science + technology news

Are Nanobacteria Making Us Ill?

March 14, 2005

Mayo Clinic scientists continue to look for evidence of DNA and RNA in nanobacteria, but are cautious about saying whether they think the particles are alive, an unknown form of crystal, or a form of archaea, a relatively new category of tiny organisms whose DNA is vastly different from that found in typical bacteria.

IBM to Provide Access to Blue Gene Supercomputer on Demand

March 14, 2005

IBM has announced the availability of its Blue Gene supercomputing system, the most powerful supercomputer, at its newest Deep Computing Capacity on Demand Center in Rochester, MN.

Customers and partners can remotely access the Blue Gene system through a secure, dedicated Virtual Private Network and pay only for the amount of capacity reserved, with peak performance of 5.7 teraflops.

IBM news release

Courtrooms could host virtual crime scenes

March 14, 2005

Lawyers, judges and jurors could soon explore crime scenes in three dimensions in the courtroom, in the same way that video gamers explore virtual worlds.

Software called instant Scene Modeler (iSM) re-creates an interactive 3D model from a few hundred frames of a scene captured by two ordinary video cameras aligned at a set distance from each other. Users can zoom in on any object in the 3D model,… read more

‘Millipede’ small scale MEMS prototype shown at CeBIT

March 14, 2005

IBM for the first time is showing a prototype of their “millipede” nanomechanical storage system, achieving data storage densities of more than one terabit per square inch.

Fujitsu Siemens eyes nanotech for chips

March 11, 2005

Fujitsu Siemens has developed a prototype of carbon nanotube technology and is now researching how to make it on a commercial scale for use in microprocessors.

“It is at least six or seven years from production,” said Joseph Reger, the chief technology officer.

Busy brains may stave off Alzheimer’s signs

March 11, 2005

Mice who keep their brains and bodies busy in an “enriched” environment of chew toys, running wheels, and tunnels have lower levels of the peptides and brain plaques associated with Alzheimer’s disease compared to mice raised in more sparse conditions, according to a new study in the 11 March issue of the journal Cell.

Cell Press news release

Biotech Takes on New Industries

March 11, 2005

Biotech is making inroads in chemical, fuel, oil, plastics, detergents, textiles, and other industrial areas.

Next big step for the Web — or a detour?

March 10, 2005

Advocates of the Semantic Web say it will give birth to vastly more powerful ways of gleaning information from the Internet.

The Semantic Web protocols aim to let computers distinguish different kinds of data. Applications could more automatically trade information, for example between an online address book and a cell phone. A Web site could automatically reconfigure itself on the fly based on the needs of a particular visitor.… read more

Stem cell therapy safety boosted

March 10, 2005

A new way of growing human embryonic stem cells in the laboratory will reduce the risk that their use in therapy could go wrong, say scientists.

At present the cells are cultured using live animal cells, which carries the risk of contamination with viruses and other harmful agents. Researchers at Advanced Cell Technology in Boston have developed a method that replaces the use of animal cells with a sterile… read more

Moore says nanoelectronics face tough challenges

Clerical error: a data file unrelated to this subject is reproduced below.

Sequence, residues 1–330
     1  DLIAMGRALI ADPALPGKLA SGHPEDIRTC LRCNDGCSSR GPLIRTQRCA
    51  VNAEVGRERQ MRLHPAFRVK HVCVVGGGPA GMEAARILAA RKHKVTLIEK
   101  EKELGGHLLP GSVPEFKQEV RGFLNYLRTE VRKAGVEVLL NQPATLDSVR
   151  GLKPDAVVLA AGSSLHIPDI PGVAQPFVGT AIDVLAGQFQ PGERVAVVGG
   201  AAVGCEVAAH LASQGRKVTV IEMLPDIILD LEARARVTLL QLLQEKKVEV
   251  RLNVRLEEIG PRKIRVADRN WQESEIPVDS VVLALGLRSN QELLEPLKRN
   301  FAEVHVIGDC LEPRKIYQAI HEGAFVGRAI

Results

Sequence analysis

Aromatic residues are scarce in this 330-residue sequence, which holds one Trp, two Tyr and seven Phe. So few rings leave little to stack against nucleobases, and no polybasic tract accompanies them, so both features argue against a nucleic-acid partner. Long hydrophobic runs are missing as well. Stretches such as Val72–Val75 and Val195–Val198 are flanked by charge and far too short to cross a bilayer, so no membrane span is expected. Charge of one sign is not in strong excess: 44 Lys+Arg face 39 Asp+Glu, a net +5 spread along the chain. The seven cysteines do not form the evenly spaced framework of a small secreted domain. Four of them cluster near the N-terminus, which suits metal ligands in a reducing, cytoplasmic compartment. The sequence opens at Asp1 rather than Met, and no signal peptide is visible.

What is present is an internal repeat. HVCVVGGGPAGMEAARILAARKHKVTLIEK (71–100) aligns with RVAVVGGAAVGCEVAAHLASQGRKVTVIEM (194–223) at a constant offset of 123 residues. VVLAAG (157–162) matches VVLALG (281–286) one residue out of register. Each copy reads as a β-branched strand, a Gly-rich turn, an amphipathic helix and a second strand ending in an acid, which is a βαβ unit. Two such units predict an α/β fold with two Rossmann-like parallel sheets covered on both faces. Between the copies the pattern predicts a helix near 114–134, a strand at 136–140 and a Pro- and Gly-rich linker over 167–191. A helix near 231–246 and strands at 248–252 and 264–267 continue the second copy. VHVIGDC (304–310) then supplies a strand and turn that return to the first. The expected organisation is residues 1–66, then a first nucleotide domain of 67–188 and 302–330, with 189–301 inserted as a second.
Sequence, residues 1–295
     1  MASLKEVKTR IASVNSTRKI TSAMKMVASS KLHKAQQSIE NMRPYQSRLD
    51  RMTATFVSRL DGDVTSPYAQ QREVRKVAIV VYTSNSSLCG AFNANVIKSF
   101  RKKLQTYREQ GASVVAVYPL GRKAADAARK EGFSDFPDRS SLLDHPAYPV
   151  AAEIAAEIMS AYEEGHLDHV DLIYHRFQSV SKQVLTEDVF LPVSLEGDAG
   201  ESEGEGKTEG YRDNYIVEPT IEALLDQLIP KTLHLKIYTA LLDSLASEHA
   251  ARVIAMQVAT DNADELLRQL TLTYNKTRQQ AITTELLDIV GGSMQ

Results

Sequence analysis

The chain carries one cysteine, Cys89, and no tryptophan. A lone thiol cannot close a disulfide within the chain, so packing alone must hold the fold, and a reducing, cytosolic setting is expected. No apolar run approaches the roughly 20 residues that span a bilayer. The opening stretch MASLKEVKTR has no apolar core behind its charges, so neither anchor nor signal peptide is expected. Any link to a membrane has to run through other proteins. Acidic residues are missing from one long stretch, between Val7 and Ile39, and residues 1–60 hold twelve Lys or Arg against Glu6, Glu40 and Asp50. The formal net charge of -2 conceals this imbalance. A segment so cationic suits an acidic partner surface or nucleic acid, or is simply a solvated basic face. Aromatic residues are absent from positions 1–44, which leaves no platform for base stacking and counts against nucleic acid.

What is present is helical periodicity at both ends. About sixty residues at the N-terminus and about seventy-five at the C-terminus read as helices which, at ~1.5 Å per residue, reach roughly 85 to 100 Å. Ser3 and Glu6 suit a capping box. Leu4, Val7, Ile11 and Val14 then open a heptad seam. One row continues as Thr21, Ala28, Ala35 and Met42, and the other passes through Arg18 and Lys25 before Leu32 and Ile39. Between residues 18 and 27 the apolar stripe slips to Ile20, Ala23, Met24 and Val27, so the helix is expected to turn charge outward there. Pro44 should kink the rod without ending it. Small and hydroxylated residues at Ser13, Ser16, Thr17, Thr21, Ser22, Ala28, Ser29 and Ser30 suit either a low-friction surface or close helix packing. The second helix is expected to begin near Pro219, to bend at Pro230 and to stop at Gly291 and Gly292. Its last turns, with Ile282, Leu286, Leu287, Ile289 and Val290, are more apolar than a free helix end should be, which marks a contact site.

March 10, 2005

Although many believe the future of the computing industry lies with building chips out of carbon nanotubes or other novel materials, Intel co-founder Gordon Moore predicted it won’t be easy to replace silicon.

“Any material made of atoms has a fundamental limit,” Moore said. The solution? Make the chips bigger. Carbon nanotubes, he added, won’t be completely left out. They could be used to replace the metal interconnects between… read more

Get Ready For The ‘Desktop Search’ Revolution

March 10, 2005

Google has slipped what could be a revolutionary piece of software out of beta and made it freely available to the public.

Ghosts in a machine

March 10, 2005

What is it that triggers the brain to produce a religious experience? One route to understanding is the Shakti headset, which puts brain stimulation back in the hands of the individual rather than being something done to people in a lab.

As an American chronicler in this field, John Horgan, has remarked: “Trying to understand mystical experiences without having one, is like a eunuch trying to understand sex.”

Scientists to make ‘Stuart Little’ mouse with the brain of a human

March 9, 2005

Stanford University researchers plan to create a chimera mouse whose brain cells are 100 per cent human, using stem cells from aborted fetuses.

The university’s ethics committee approved the research, under certain conditions. Prof Henry Greely, the head of the committee, said: “If the mouse shows human-like behaviours, like improved memory or problem-solving, it’s time to stop.”

How Many Variables Can Humans Process?

March 9, 2005

People cannot process more than four variables at a time, new research shows.

Recognizing these human limitations can make a difference when designing high-stress work environments — such as air-traffic control centers — where employees must keep in mind several variables all at once.

American Psychological Society news release

Nanotubes boost molecular devices

March 9, 2005

Researchers from Stanford University have constructed an extremely small transistor from a pair of single-walled carbon nanotubes and organic molecules.

The researchers cut metallic nanotubes to form electrodes, then deposited one of two organic materials to form a semiconducting channel between the electrodes. It could be used in practical applications in two to five years.

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